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  1. If you're interested in an actual count of the top sales in the ceramics and pottery category for etsy, go to http://www.craftcount.com/category.php?cat=3&subcat=24. I stared about a year and a half ago but only got serious with listing within the past month. Have had 5 sales this month--the last one that I took to the post office today was $120. This is not all low-end as some think but both quality and individual experience is all over the board.
  2. This seems to be an appropriate place for old (in my case, 63) potters to chime in about a daily concern. Others have offered various exercise routines--my own includes dumbbells and floor exercises aimed at overall muscle tone. The change I made about 5 years ago that most directly affected my ability to throw without back pain was switching from a sitting to a standing position. Standing (actually leaning against the splash pan, a pole, or a wall) avoids that hunched over position that was causing most of my difficulties. I'm also able to move around while throwing, which really helps relieve fatigue. A good mat, comfortable shoes and frequent breaks also help. Now if I could just figure out a way to work better with my arthritic thumbs! -David
  3. Sealing Kiln Floor Cracks

    Thanks, Marcia. This sounds like a very good approach for rescuing a badly cracked floor. If I can't get the cracks stopped with kiln cement, I think this wil be a good fall-back approach before having to replace the floor. Much appreciated, David I learned this on Clayart and used it on the kilns at UH -Manoa when I was teaching there. Soak ceramic fiber in ITC 100 and stuff the cracks. I used this on some very large cracks. I also rebuilt the floor in one of the kilns with my three Grad students.. There were 9 , I think. They were in rough shape.
  4. Sealing Kiln Floor Cracks

    Thanks so much for the info. I've heard of kiln cement but haven't tried it. Sounds like what I need for now. -David David I have had a bag of kiln cement in my studio for 30 years, I believe it's a AMACO product. I mix it thin enough to pour into the crack and keep filling it until it's level. I keep broken shelves covering the bottom of the kiln. they help slow down the heat loss. Hope this helps you Denice
  5. Does anyone have a suggestion for sealing cracked insulating brick in the bottom of an electric kiln? The cracks aren't too bad yet but I'd like to find something that will help maintain the bricks' integrity longer. Thanks, David
  6. Floating Blue Glaze

    This is close to the original Chappell recipe that I used for about 10 years. The only thing lacking is the CMC (1 tsp. per 100 gram batch /a little over a pint for a 10k batch). CMC's important for suspension in the bucket and hardening the glaze surface after application. Of course your materials might be sourced differently, but I don't remember having any severe running problems with approx. the same dipping method you use and a 1/4 resist band. I don't think that more silica is needed. This is a temperamental glaze that responds differently to different firing schedules and top temperatures. Like you, I started using it with manual settings but I got variable results. Using a pyrometer can help figure out the best schedule. Three things I did that differ from your firings: 1) fire to cone 5, not 6. 2) hold at the top for 20 min., 3) use a pyrometer and witness cones to judge the top temp. I don't think it's generally a good idea to depend on the sitter cone for an accurate temperature. You could easily be over firing by depending on it. Hope this is helpful. Maybe others will have some ideas as well. All the best, David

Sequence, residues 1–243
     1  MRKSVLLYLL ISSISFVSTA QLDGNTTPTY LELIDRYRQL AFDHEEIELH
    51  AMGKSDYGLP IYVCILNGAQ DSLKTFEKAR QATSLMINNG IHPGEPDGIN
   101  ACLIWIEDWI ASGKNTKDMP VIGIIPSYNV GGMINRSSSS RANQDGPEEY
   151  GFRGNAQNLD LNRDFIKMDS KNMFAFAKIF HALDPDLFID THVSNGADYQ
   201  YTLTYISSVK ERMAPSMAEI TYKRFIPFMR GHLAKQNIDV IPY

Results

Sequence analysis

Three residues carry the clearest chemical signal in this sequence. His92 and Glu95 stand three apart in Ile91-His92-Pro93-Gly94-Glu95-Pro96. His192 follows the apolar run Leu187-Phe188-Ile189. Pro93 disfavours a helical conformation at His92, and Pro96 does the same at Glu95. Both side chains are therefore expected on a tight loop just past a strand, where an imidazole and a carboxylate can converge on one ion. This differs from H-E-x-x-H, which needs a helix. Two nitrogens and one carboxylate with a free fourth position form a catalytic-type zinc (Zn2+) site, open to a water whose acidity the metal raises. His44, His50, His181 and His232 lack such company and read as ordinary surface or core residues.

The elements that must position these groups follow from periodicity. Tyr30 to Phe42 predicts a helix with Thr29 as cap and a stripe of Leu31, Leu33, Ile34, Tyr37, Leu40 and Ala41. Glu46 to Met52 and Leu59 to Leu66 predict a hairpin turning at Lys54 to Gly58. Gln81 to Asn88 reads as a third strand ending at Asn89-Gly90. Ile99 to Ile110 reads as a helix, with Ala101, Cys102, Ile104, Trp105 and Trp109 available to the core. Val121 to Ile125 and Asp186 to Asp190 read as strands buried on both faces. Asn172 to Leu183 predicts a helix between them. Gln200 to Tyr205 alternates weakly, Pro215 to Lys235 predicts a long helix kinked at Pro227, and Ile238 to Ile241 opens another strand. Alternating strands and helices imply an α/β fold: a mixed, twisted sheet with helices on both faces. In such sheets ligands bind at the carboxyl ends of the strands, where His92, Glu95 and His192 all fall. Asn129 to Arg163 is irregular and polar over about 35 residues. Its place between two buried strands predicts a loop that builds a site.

7. Floating Blue Glaze

    There are a number of recipes for this glaze. The original GB-laden Chappell recipe, if double-dipped as he recommends, can run off--especially if overfired or lacking a wide enough resist band. Others, like Roy's Frit 3134 glazes, produce similar effects to the GB versions without double dipping and run very little if fired in ^5 to^6 range. If you include the specific recipe you are using and your firing sched., a more specific solution might be more apparent. All the best, David
  8. Raku Using Ferric Cloride

    As previously mentioned, you are probably spraying at too high a temperature. I use FeCl several times a month in a raku-type process (horsehair) and spray at approx. 1000 degrees F. FeCl is extremely temperature sensitive and the color will vary from light gold to dark rust red with less than 100 degrees variation! Since you're pulling your pieces at 200 degrees, you might want to try counting seconds in between spray attempts until you get good color and then use that count down number for future pulls. BTW, you don't need to use FeCl at full strength to get good color if the temp. is right. I dilute it 8 parts water to 1 part FeCl. Much safer to use that way.